Neptune Energy is developing “digital twins” of two platforms in the Dutch North Sea to save money, time and emissions on offshore work, the privately owned company said January 7. The twins will also be used with planning a major carbon capture and storage (CCS) project in the same licence area.
UK-based 3D technology specialist Eserv is creating digitised versions of the L10-A complex’s drilling and production platforms which will be part of the CCS project.
There are already digital twins of five Neptune-operated platforms in the North Sea. A digital twin of the Cygnus platform in the UK sector helped with the development of detailed flight plans for drone-based surveys as part of an award-winning methane emissions study.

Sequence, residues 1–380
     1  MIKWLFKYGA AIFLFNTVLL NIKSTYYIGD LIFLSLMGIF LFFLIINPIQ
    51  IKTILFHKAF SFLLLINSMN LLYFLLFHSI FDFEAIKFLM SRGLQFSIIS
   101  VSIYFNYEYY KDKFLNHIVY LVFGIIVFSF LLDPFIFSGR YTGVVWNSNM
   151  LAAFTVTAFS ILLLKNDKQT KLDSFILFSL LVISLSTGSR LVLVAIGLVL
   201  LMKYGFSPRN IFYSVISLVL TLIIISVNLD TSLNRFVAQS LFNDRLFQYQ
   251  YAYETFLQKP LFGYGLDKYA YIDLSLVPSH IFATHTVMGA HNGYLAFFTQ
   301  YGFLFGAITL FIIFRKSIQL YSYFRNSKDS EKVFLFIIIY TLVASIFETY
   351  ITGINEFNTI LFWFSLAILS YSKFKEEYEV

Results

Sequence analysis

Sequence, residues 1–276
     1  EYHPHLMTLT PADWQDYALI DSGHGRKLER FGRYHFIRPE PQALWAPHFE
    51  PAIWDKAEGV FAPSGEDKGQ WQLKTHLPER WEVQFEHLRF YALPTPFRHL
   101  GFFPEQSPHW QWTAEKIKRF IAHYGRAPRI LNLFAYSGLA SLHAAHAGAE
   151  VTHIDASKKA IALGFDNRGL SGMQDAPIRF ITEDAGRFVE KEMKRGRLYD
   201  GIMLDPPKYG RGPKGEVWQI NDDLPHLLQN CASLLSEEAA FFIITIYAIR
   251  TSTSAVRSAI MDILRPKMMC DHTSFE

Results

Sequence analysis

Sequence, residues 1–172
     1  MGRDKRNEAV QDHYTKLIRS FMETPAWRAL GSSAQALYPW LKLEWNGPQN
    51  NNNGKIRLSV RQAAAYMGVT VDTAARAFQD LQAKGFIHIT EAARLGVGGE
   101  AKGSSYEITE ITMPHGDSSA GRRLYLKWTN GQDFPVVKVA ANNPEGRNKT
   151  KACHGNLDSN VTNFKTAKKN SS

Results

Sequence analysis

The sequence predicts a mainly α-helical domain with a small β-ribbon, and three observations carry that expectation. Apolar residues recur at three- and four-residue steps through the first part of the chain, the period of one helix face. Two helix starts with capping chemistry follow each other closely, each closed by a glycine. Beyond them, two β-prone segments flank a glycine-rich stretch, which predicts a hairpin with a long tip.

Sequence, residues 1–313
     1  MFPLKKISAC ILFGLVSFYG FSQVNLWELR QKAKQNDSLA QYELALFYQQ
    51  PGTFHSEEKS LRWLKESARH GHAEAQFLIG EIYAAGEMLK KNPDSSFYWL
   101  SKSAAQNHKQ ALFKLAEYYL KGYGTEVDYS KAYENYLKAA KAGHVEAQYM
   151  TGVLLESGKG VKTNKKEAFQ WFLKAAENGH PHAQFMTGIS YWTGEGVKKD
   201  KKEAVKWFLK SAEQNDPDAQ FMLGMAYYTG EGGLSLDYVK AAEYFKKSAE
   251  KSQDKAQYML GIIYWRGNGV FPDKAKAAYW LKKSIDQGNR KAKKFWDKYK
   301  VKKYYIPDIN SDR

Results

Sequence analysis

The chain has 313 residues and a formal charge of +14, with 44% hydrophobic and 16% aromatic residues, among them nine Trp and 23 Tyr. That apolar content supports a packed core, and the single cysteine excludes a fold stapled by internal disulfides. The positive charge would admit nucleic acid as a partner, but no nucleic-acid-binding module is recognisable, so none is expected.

The depleted gas fields around the L10-A, L10-B and L10-E areas could store more than half the CO2 emissions the Dutch industrial sector is hoping to sequester.
Neptune said that digital twins allowed it to plan work, inspect plant equipment and monitor changes in the physical structure more quickly. They also allow the early and accurate identification of potential problems, speeding up projects with higher success rates.